Your child can develop the feel and technique for forming different letters and numbers, without the stress of controlling a pencil or crayon.
Read my Letter Formation Tips and Strategies before you begin!
Some of these letter formation activities use thick chalk or whiteboard marker. Being thicker, they usually require less effort to control than a thin pencil. Because the child is usually working in a fun way on a larger surface, the activities are less stressful than working on paper with a pencil.
Outdoor activities are always more fun than indoors, and practicing numbers and patterns in the sand hardly seems like work! To keep your child focused, draw a “page” in which to work.
If you don't have access to outdoor sand, put some sand on a tray instead.
Put some gloopy food on a tray or plate, and have your child trace or copy the letter with a finger. You can try any squishy food that your child likes - such as yogurt, custard, angel delight or Jello instant pudding mix.
If your child dislikes the tactile sensation , then put the gloopy food in a Ziploc baggie to get the sensation without the messy feeling! Fill the bag about a quarter full, and squeeze out all the air. You will need to tape the bag down to enable the letters to be formed more easily.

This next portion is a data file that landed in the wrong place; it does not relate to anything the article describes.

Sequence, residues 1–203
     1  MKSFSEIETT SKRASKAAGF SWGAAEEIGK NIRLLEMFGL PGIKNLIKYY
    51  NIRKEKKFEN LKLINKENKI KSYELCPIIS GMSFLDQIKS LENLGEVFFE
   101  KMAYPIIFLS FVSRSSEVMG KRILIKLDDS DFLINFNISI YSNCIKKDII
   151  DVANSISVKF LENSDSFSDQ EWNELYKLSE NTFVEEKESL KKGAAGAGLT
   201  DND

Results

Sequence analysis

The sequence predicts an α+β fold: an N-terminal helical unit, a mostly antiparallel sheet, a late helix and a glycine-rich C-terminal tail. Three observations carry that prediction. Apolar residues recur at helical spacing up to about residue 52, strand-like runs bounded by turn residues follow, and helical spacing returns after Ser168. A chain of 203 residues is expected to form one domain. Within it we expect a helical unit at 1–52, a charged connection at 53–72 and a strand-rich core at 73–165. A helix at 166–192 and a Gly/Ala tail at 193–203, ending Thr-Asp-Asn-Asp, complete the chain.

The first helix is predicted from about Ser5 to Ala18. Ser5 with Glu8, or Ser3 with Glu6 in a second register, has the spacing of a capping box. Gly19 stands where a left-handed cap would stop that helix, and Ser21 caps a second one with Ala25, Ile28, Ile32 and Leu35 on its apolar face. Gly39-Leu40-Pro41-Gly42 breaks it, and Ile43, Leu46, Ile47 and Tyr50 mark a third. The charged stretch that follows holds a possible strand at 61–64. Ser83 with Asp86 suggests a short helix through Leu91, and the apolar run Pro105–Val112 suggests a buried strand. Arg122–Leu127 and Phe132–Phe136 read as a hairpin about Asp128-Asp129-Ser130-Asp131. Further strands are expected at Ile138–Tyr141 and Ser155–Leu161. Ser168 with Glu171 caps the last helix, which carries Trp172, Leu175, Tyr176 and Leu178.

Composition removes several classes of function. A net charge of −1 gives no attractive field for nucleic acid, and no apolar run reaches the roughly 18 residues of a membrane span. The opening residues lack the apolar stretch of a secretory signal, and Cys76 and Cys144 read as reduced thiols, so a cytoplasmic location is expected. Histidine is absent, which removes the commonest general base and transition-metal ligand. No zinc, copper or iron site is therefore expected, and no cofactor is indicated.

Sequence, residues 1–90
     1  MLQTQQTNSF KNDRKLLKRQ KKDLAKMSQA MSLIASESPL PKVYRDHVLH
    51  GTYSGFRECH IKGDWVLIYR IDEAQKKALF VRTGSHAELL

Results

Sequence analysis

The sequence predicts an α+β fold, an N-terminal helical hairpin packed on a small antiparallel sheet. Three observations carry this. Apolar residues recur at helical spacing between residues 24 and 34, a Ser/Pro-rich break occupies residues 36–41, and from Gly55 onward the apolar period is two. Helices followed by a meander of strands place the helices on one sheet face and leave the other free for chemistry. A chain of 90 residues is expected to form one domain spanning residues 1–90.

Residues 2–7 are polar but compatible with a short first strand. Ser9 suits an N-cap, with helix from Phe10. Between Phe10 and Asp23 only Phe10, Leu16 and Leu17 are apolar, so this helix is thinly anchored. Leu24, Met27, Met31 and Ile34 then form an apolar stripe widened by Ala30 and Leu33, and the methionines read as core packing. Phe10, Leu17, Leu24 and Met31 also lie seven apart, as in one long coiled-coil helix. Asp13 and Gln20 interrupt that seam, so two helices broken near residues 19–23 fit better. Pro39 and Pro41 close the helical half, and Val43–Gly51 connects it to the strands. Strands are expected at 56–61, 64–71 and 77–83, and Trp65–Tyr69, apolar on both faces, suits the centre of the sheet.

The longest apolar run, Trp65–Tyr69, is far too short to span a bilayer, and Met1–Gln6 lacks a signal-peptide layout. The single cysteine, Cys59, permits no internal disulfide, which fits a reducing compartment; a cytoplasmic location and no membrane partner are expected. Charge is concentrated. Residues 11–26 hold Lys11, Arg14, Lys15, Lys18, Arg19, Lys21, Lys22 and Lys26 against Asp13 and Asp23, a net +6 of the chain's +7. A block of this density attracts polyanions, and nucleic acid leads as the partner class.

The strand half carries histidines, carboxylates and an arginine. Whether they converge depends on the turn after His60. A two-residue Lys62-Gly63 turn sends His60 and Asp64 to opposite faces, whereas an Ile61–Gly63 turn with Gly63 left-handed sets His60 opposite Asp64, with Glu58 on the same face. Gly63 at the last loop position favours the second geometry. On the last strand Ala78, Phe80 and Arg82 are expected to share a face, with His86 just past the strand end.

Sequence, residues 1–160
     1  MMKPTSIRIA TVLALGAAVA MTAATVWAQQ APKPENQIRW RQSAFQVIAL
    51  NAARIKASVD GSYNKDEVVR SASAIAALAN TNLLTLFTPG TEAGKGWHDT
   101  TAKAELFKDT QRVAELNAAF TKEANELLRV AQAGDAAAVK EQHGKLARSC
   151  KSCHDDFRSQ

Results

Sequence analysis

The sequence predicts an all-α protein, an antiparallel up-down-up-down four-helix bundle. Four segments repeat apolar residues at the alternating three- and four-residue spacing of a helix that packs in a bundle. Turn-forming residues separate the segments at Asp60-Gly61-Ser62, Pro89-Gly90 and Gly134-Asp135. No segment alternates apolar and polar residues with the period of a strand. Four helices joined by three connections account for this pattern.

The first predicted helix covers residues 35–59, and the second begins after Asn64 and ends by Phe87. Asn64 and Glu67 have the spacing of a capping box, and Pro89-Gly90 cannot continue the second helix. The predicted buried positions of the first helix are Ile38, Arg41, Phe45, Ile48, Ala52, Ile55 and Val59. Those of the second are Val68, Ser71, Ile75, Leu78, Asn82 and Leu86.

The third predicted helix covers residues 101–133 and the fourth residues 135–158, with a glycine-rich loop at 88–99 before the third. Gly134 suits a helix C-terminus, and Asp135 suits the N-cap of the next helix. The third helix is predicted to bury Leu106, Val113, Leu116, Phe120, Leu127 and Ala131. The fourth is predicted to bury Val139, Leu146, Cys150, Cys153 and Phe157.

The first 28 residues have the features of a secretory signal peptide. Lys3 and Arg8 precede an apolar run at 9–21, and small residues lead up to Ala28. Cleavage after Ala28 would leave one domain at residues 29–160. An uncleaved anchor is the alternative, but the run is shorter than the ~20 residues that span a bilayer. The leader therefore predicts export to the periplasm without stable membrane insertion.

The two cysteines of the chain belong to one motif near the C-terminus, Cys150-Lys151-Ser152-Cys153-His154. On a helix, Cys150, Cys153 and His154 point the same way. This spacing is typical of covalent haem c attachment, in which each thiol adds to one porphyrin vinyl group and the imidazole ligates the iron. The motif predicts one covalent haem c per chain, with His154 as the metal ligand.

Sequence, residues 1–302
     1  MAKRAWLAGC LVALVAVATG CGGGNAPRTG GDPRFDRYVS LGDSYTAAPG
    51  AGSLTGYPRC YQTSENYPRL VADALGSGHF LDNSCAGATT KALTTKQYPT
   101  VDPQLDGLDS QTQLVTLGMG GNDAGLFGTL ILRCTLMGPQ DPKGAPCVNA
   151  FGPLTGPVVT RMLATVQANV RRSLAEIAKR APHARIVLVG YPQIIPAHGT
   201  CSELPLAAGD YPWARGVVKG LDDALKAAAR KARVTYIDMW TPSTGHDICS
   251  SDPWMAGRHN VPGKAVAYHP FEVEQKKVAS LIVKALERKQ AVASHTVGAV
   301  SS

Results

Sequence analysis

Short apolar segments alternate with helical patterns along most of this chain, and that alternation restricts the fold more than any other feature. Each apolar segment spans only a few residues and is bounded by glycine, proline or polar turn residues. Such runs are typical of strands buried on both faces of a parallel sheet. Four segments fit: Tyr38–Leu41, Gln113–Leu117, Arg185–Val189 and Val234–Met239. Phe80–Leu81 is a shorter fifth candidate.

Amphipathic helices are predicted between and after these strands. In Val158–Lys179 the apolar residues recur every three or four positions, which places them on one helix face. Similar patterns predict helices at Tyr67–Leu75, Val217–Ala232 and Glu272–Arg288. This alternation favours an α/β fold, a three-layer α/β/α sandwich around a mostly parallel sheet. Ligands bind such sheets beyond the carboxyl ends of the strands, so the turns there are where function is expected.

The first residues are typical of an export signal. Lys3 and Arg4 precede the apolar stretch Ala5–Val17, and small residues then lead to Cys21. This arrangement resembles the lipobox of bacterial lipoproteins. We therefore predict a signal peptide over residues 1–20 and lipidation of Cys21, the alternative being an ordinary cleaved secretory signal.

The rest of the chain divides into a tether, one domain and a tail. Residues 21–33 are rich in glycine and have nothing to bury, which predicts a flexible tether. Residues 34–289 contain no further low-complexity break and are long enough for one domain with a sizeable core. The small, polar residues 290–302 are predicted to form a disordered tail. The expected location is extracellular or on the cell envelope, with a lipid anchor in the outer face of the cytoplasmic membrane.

Ok, this one is really messy, but loads of fun. Stick your child in a bath or shower cubicle with a handful of shaving cream to smear and write in. For a more tactile experience, let your child use the whole hand as well as just the fingers!
Caution! Shaving cream can irritate tender skin, so use the sensitive skin variants, and don’t let it get in the eyes.
Use chalk on an old-fashioned blackboard, on a wall, or on the sidewalk. You draw the letter with chalk and have your child trace the letter with a piece of wet sponge . Your child can also use fat sidewalk chalk or a finger to trace your letter before or after the wet sponge is used.
Write a number or letter on a whiteboard or chalkboard, and have your child trace it with a finger to wipe it off. You could also use a small piece of dry sponge.
NB be sure your child washes the fingers properly afterwards!
I downloaded these handwriting activity cards from Handwriting Heroes, printed them and laminated them. They are lovely for kids to trace with their fingers, or to use with write-on-wipe-off markers.